Wilfred is one of those shows with a premise that seems narratively overwhelming. It stars Elijah Wood as a man who begins seeing his neighbour’s dog as an Australian man in a dog costume and questions whether he’s going mad. Much of the series balances the natural comedy of the situation with darker issues about the protagonist’s sanity. Overall though, it’s a fairly merry way to spend half an hour, particularly for dog-owners familiar with the ins and outs of canine habit.
Vikings was The History Channel’s first fictional offering, obviously looking to compete with the recent rise of prestige cable programming. The show is exactly what it sounds like, a tale of Viking culture. It follows Ragnor Lothbrok – the man who pioneered the first raid to England – in his exploits, raping and pillaging all over the place. It’s not a particularly layered show, but it is fantastically rendered, with fight scenes which stand out for their meticulous choreography. It’s also wonderful at evoking a modern impression of Viking culture, so definitely one to binge watch on Amazon Prime.
It’s Always Sunny in Philadelphia
Sunny is a veteran show at this point, ten seasons in and yet not showing any signs of a dip in quality. It’s a bit of an acquired taste, as it evolves around five aggressively narcissistic, disastrous people running a bar together. The unlikable protagonists, combined with near constant shouting,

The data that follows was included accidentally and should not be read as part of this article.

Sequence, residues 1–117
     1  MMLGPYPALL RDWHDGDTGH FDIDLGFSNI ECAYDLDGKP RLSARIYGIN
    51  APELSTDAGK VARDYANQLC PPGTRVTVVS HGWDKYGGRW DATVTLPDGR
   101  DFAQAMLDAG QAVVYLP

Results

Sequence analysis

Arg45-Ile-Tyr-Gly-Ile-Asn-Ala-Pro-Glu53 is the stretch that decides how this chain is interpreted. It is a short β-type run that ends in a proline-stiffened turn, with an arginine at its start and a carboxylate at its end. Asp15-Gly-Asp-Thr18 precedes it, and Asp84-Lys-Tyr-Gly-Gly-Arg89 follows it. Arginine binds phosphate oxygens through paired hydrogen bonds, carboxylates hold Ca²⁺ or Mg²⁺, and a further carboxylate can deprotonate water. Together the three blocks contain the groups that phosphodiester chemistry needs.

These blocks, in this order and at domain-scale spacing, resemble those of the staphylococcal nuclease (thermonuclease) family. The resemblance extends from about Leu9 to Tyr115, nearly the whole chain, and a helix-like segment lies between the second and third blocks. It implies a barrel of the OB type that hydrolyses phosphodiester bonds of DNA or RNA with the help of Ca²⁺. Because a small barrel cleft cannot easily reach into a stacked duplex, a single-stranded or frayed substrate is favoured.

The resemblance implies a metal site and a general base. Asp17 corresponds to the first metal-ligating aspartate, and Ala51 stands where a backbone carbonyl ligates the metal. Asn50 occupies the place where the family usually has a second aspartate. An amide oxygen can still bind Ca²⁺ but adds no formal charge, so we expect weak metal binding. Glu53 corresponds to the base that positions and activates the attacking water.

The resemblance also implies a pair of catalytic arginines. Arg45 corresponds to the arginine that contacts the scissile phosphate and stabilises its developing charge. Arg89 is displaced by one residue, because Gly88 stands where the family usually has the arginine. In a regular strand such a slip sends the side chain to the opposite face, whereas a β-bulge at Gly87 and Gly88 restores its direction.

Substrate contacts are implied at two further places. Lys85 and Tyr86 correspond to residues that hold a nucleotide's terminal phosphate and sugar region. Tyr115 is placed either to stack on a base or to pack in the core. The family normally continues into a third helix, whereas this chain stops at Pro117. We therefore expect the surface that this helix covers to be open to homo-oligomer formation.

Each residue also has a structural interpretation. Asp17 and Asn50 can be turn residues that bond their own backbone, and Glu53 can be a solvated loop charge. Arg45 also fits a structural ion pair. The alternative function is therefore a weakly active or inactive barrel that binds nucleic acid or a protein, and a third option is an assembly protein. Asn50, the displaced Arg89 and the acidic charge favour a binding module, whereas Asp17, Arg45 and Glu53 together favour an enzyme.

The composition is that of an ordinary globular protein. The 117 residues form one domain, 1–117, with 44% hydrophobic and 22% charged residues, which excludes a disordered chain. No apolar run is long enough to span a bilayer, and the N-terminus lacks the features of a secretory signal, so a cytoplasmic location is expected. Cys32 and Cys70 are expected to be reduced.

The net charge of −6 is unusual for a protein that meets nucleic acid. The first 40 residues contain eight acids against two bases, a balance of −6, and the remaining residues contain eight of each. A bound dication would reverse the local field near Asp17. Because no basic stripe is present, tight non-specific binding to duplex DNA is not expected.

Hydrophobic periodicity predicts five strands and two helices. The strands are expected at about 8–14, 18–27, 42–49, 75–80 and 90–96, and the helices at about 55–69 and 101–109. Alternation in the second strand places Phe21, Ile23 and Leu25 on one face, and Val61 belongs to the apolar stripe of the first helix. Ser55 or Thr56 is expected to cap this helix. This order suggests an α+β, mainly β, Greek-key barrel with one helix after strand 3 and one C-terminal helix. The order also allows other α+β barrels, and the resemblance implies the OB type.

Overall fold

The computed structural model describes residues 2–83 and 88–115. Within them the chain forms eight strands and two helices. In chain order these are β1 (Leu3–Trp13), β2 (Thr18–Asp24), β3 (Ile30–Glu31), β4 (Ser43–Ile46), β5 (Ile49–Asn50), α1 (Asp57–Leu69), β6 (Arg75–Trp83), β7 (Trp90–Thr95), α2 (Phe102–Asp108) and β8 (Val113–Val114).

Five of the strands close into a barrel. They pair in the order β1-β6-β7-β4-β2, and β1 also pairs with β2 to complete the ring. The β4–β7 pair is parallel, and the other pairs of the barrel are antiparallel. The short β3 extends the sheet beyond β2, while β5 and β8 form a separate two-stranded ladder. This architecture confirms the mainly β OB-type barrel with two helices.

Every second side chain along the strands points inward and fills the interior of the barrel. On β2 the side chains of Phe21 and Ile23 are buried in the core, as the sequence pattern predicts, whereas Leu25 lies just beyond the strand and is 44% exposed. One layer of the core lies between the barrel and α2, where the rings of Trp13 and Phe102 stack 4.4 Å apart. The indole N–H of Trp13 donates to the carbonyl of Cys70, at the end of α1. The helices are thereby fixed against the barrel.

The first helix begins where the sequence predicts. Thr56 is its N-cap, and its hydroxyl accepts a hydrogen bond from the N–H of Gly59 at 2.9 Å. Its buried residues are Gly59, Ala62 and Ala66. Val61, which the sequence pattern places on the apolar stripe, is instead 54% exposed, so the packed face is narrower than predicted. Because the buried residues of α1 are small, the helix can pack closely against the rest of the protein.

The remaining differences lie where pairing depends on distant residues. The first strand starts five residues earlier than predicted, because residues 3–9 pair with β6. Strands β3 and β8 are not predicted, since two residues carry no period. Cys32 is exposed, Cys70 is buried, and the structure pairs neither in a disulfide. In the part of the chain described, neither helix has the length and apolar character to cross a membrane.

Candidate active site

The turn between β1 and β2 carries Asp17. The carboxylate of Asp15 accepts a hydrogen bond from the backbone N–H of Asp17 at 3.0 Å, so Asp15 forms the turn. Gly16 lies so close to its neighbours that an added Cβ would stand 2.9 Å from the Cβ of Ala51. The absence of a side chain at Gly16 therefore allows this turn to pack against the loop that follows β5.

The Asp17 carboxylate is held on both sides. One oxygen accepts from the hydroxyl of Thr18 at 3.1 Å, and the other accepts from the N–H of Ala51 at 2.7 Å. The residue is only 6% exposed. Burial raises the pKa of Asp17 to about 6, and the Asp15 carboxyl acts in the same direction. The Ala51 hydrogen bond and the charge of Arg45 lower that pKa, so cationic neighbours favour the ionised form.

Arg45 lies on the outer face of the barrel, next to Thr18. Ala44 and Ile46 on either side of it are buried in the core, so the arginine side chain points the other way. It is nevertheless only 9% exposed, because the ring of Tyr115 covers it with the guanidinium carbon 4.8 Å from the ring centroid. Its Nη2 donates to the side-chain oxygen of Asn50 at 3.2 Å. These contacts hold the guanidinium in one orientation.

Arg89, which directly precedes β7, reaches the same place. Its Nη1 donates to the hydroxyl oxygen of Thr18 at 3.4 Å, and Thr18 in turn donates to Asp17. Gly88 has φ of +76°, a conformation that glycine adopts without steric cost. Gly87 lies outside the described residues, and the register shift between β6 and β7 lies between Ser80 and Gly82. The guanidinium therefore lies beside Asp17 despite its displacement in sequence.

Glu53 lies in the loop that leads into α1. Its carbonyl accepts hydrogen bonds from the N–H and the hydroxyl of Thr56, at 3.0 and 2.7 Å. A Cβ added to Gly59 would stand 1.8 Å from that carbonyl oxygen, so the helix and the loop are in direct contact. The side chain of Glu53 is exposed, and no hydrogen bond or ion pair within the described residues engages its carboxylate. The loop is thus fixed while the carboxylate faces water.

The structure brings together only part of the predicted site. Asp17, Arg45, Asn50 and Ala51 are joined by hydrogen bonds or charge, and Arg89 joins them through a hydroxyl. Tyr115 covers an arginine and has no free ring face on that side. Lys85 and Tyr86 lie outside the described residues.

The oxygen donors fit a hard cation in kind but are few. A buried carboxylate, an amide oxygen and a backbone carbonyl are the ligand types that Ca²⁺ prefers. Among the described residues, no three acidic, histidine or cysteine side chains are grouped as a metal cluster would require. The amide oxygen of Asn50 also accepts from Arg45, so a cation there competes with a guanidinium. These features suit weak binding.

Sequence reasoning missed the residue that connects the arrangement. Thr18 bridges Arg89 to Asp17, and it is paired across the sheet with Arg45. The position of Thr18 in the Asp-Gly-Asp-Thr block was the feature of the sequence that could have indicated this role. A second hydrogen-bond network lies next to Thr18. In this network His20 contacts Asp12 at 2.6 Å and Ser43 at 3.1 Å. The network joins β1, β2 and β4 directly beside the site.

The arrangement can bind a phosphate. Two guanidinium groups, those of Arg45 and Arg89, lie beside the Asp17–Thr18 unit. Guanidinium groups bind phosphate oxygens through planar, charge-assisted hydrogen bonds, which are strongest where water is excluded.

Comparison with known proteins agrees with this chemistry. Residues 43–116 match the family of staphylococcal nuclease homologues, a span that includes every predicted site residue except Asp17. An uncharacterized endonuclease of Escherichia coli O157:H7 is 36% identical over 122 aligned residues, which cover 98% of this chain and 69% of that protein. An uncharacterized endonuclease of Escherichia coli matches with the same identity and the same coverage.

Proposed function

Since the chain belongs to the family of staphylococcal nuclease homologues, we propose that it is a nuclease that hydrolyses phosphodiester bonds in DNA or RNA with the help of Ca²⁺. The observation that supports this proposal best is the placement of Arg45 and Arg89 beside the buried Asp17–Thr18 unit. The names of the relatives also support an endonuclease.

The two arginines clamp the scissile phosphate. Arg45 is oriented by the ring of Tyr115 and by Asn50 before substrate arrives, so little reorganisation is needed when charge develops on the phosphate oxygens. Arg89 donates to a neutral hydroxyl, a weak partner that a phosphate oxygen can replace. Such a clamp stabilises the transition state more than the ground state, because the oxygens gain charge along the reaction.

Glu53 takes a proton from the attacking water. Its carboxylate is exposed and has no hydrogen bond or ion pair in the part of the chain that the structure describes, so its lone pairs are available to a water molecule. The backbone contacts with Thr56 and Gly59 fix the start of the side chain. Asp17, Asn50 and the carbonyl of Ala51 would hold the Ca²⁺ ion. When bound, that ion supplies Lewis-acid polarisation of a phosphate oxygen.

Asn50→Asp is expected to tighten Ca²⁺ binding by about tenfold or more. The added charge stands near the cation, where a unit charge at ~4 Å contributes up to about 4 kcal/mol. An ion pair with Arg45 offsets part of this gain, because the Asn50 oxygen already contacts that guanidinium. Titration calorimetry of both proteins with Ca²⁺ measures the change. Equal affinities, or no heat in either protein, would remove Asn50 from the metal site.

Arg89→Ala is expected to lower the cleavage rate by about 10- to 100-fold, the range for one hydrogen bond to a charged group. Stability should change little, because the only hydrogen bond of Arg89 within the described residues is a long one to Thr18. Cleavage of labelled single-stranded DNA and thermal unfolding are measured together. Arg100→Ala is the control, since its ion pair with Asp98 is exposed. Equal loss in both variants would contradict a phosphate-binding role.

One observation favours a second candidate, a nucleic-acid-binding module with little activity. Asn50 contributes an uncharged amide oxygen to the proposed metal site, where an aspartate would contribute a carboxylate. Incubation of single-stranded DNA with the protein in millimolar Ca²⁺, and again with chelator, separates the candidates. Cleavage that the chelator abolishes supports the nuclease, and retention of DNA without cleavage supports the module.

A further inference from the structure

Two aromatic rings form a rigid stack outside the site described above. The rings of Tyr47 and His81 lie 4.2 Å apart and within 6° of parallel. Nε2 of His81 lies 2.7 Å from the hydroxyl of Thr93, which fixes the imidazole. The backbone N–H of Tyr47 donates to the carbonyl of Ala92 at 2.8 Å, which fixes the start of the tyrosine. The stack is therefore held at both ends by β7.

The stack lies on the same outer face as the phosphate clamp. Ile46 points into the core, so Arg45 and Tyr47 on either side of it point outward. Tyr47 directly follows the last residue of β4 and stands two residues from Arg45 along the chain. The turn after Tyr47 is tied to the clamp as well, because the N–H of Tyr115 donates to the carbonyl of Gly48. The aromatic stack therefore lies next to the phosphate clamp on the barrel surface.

puts a lot of people off. It’s a real shame though because there is not a show on air today with such consistent, wonderful humour. Sunny might seem inaccessible, but it’s a special show that deserves far more attention than it receives.
After three seasons of consistently abysmal ratings, NBC has cancelled Hannibal, one of the finest examples of critical acclaim not translating into commercial popularity. It charts the relationship of FBI profiler, Will Graham, and his friend/therapist/nemesis, Hannibal Lectre. It’s not for everyone, being horrifically gory,dark and arty, but if that is your bag, it’s unsurpassable. Last year, How I Met Your Mother ended its final season with an episode that cheapened the entirety of the series’ back catalogue. The reverse is true of Hannibal, meaning that binge watching all three seasons is going to be a satisfying experience, if not an incredible one.
Rick and Morty
This cartoon comes from Dan Harmon, creator and writer of Community, meaning more of the same surreal, terrifyingly creative humour. It plays like a warped version of Back to the Future, with Rick, a mad scientist, dragging his grandson Morty around on dimension hopping, planet exploring adventures. Being a Dan Harmon show, there’s also a dark side to the comedy, which serves to deepen the overall tone. With only two seasons broadcast so far, it’s easy to catch up on, although the density of the jokes within each episode means they definitely necessitate re-watching